Saturday, January 14, 2006

 

USS Iowa debate causes sinking feeling

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The Examiner
By Ken Garcia
January 11, 2006



Even the most reasonable ideas have a way of running aground in San Francisco, but that would hardly describe the assault on the plan have to bring the World War II battleship Iowa here, a proposal that would be smooth sailing in most coastal cities.

Lost in a sea of political correctness, the Board of Supervisors rejected a plan last year to bring the historic ship here and turn it into a museum and tourist center. The main objection appeared to be that the Iowa was an instrument of war — hard to shoot down that notion. Yet even though it’s been out of commission for 16 years, some of our fearless leaders somehow linked it to the war in Iraq that they vehemently oppose.

But a new year brings another opportunity to brush aside such fuzzy logic, and if the nonprofit group lobbying to bring the Iowa to its Pacific perch can convince enough officials of its rightful berth here, San Francisco might just get a chance to get the battleship and the benefits such an attraction could bring.

Otherwise, it’s likely that the Iowa will sail to Stockton, and it’s hard to imagine Stockton beating San Francisco in any race other than those involving monster trucks.

A new resolution is expected to surface at the board soon that should address concerns surrounding the battleship museum, which include its financial feasibility, its cost to The City and the unequal treatment received by gays, lesbians and people of color who have served in the military. The objections to the war in Iraq can’t adequately be addressed in any measure, since the only link there is one of wayward imagination.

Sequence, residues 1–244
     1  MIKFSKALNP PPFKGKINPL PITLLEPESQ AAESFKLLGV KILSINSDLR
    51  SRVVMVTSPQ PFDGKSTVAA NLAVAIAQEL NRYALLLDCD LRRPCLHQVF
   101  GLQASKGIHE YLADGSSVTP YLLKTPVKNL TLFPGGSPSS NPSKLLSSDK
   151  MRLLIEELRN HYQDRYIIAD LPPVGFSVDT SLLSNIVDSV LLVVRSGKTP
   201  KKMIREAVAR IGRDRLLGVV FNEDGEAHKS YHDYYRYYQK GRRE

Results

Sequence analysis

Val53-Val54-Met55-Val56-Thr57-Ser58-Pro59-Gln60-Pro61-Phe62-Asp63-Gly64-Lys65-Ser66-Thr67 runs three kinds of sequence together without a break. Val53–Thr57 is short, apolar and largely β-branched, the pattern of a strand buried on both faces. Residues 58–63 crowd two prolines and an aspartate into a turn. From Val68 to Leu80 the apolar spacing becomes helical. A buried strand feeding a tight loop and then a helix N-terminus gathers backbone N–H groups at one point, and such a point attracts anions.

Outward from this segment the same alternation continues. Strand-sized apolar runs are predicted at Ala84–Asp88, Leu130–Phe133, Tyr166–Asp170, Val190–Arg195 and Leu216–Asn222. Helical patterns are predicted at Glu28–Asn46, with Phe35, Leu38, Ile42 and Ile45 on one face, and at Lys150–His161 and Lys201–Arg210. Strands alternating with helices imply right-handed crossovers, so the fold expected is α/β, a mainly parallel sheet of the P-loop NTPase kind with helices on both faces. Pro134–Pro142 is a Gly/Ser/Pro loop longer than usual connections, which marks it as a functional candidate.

According to members of the group Historic Ships Memorial at Pacific Square, the new plan would provide the Iowa with up to $13 million from private contributions so that The City wouldn’t get stuck with any of the costs for docking it here. In addition, the group would agree to give $250,000 annually to the Port of San Francisco as well as a percentage of the ticket gate.

Further, part of the museum would include an education project focusing on the contributions of gays, lesbians and ethnic minorities in the military. And the group would offer to hold an annual peace conference on the battleship — the kind in which the Iowa once participated when it was sailing President Franklin Delano Roosevelt around the world to negotiate the agreements to officially end World War II.

But the Iowa’s sterling contributions have a way of getting battered in the anti-military rhetoric that passes for official comment in San Francisco. So even the best proposal — one that possibly would bring money and tourism and not cost The City a dime — could face choppy waters ahead.
“The Iowa could be an economic catalyst for the waterfront’s revitalization and it could create jobs,’’ said Merilyn Wong, head of the ship lobbying effort. “You could say it’s been an instrument of conflict, but history shows it’s also been an instrument for peace.’’

Recently, Sen. Dianne Feinstein, D-Calif., and Rep. Richard Pombo, R-Tracy, upped the ante by getting a measure passed that would allow the Iowa to be transferred to any California city that wants to bid on it. Feinstein, who called the supervisors’ action “petty’’ when they rejected the original proposal, doesn’t want to see The City lose another chance at a historic vessel, such as when it botched the chance to get the USS Missouri, now a popular tourist destination in Pearl Harbor.

And no matter how confusing the debate gets over its future placement here, there is no doubt that there is endless public fascination with giant battleships. Both the battleship New Jersey and the battleship North Carolina are permanently based on the East Coast and draw hundreds of thousands of visitors a year — and both naval memorials are self-sustaining.

So does San Francisco once again want to deem itself unlike other cities and reject its ties to the nation’s past and its own role in the military for more than a century? The answer, my friend, could be sailing in the wind, headed to a port town less than 100 miles away. If the historic ships group can prove that its deal is financially feasible, then city officials need to seriously consider getting on board.

Preserving the past is an often-stated goal among city officials. This could be a great chance to embrace history rather than once again try to revise it.


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